"Never doubt that a small group of thoughtful, committed citizens can change the world.

Indeed, it is the only thing that ever has"

Margaret Mead, Anthropologist
(used with permission)

"If you don't like the news .... go out and make some of your own !!"

Wes "Scoop" Nisker, Newscaster


Government is a slow and tedious process. While it often includes citizen and neighborhood involvement, non-governmental, private organizations have created movements and interesting groups which can create positive change in our cities and towns.

I am fascinated by the way groups are created and how they influence public decision making. This blog merely recognizes them and forwards the description of these groups from their own websites.

Thursday, July 25, 2013

Transport for All

Location: London, England

Website: www.transportforall.org.uk

As an organisation of disabled and older people we have always been determined to ensure that the grass roots experiences and opinions of service users are always heard by those who commission and run the transport network.

We are and will always be run by older and disabled people – all our trustees are disabled or older transport users, or care for someone who is.

TfA was formerly known as Dial-A-Ride and Taxicard users (DaRT) and was formed through the amalgamation of the user groups of these two services. Over the years, our remit has widened to reflect the fact that more and more of London’s transport network is being ‘unlocked’ for disabled people to use.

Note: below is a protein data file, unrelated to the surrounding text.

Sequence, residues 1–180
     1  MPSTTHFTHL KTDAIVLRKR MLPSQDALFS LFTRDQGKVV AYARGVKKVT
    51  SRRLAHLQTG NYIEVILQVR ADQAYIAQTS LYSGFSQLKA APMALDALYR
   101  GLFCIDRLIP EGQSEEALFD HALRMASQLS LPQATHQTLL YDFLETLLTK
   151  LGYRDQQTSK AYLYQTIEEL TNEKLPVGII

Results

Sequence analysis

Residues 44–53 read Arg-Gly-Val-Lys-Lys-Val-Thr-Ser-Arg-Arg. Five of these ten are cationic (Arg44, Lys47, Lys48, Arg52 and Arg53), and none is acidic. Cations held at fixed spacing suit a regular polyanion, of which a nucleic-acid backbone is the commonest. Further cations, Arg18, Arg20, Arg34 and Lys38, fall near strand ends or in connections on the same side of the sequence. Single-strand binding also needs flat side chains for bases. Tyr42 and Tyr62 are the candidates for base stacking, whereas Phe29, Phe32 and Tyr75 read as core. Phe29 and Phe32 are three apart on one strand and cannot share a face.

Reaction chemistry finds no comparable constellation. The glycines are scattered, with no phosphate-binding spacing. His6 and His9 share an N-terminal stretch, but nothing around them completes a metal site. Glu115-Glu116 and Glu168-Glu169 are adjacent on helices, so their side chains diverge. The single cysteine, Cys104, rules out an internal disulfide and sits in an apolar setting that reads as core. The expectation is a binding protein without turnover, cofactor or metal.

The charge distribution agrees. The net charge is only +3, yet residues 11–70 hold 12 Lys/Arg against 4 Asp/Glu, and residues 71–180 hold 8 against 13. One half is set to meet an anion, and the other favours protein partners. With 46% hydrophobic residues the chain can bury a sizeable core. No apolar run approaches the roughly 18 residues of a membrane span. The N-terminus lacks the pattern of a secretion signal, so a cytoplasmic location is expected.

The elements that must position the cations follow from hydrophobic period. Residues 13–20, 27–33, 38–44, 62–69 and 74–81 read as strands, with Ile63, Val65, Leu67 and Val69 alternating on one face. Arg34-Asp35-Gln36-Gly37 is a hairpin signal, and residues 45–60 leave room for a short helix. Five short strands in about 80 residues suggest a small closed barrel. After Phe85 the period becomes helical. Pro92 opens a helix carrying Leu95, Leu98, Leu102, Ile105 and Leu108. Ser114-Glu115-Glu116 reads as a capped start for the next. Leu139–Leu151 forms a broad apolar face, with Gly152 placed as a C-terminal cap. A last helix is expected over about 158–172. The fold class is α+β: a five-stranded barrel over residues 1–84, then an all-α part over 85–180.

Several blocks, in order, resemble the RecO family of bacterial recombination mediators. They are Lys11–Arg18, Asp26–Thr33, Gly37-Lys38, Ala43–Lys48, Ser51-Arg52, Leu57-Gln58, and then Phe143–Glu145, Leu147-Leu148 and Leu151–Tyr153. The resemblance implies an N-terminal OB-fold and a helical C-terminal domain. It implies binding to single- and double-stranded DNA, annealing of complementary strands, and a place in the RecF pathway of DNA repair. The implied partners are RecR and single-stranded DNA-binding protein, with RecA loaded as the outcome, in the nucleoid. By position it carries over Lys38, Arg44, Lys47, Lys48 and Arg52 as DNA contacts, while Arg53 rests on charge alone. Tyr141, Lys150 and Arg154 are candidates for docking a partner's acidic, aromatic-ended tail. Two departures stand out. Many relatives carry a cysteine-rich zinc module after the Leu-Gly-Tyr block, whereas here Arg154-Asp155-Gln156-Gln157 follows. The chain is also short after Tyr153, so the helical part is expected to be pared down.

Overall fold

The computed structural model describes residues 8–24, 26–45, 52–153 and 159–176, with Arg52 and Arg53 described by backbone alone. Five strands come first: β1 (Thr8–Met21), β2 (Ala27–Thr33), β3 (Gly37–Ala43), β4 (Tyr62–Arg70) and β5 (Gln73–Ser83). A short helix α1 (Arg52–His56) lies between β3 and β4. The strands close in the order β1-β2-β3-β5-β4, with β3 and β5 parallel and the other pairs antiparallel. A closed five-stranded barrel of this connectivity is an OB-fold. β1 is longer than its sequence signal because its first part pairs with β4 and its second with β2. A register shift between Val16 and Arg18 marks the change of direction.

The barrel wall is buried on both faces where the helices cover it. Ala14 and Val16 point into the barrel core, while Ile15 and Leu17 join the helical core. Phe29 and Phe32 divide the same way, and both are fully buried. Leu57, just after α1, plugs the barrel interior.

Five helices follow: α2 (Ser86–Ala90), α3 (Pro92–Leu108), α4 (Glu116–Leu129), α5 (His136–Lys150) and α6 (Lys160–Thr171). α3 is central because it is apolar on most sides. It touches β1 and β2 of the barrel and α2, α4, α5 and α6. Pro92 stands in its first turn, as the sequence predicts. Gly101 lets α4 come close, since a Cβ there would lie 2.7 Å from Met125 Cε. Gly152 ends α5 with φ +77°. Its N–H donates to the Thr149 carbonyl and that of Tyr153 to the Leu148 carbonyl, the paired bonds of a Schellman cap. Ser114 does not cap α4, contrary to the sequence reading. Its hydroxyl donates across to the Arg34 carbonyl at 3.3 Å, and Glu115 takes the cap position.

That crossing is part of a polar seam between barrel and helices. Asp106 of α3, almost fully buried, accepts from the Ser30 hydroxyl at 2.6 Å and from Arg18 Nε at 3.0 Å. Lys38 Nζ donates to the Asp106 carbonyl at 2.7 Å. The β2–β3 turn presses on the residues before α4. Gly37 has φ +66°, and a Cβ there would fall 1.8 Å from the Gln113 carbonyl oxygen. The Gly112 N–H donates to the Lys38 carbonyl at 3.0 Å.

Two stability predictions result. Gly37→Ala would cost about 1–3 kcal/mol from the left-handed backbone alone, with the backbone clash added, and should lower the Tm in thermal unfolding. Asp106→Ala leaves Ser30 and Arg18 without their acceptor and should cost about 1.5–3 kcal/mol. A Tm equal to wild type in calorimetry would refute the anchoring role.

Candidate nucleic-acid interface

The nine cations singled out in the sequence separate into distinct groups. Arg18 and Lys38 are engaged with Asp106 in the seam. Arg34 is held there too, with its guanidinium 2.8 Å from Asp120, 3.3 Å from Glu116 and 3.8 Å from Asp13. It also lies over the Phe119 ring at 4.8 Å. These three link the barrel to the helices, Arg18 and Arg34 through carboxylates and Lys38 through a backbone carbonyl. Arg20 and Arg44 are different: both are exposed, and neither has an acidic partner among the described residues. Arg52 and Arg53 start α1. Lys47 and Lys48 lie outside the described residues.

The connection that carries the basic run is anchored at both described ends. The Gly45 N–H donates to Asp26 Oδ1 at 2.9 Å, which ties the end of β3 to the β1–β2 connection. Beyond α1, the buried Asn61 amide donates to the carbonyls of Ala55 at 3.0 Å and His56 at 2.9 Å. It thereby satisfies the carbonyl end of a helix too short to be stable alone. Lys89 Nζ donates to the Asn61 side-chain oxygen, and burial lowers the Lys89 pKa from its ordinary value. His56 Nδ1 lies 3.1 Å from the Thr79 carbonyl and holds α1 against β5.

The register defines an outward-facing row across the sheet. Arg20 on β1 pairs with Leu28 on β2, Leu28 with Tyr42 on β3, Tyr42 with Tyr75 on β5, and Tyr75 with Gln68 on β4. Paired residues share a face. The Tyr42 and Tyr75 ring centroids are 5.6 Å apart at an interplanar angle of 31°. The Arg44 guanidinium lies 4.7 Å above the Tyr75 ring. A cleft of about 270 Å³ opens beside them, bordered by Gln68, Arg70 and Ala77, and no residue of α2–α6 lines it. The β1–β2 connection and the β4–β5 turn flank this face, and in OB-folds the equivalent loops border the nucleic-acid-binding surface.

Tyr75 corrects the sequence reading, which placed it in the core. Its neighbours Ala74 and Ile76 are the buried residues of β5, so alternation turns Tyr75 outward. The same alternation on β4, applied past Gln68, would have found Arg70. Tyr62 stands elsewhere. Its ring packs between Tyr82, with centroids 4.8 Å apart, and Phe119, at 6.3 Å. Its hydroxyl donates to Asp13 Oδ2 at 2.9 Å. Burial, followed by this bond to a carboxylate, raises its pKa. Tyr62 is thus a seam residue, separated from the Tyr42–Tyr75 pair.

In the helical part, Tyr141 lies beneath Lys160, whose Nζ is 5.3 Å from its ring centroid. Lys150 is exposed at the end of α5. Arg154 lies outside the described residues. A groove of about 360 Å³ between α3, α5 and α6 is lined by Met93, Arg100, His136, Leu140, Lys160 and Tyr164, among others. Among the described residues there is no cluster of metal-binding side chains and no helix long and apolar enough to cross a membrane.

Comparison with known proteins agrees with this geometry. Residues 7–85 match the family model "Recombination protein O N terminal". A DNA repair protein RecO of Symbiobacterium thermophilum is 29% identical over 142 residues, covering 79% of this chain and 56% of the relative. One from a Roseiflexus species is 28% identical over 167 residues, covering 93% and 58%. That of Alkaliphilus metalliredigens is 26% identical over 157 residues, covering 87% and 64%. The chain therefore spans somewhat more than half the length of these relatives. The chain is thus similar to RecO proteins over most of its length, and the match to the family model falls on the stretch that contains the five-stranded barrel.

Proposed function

There is no doubt that the tireless work of decades of disabled transport campaigners has yielded many victories – but much more has yet to be done to get the affordable, reliable, and accessible transport network that those early campaigners dreamed about.

Our work at TfA has grown over the years to encompass the changes that have been won. From an office in Brixton, our small team of staff and volunteers offer a unique pan-London service – funded by London Councils and supporter donations.

From Blue Badges to Freedom Passes, and from accessible buses to the DLR – we have been working hard to ensure that disabled and older Londoners have the information they need to get from A to B.

TfA’s work with the Community transport sector is an important milestone in our development. CT schemes are providing an important accessible transport service in many local communities – and we hope to work with the Community Transport sector in increasing its profile and working to make it more robust through a specialised training programme.

After the Olympics and Paralympic Games in 2012, we very much see our role as working with the capital’s disabled and older communities and accessible transport providers towards a legacy for the London transport network that meets the needs of all of its citizens.

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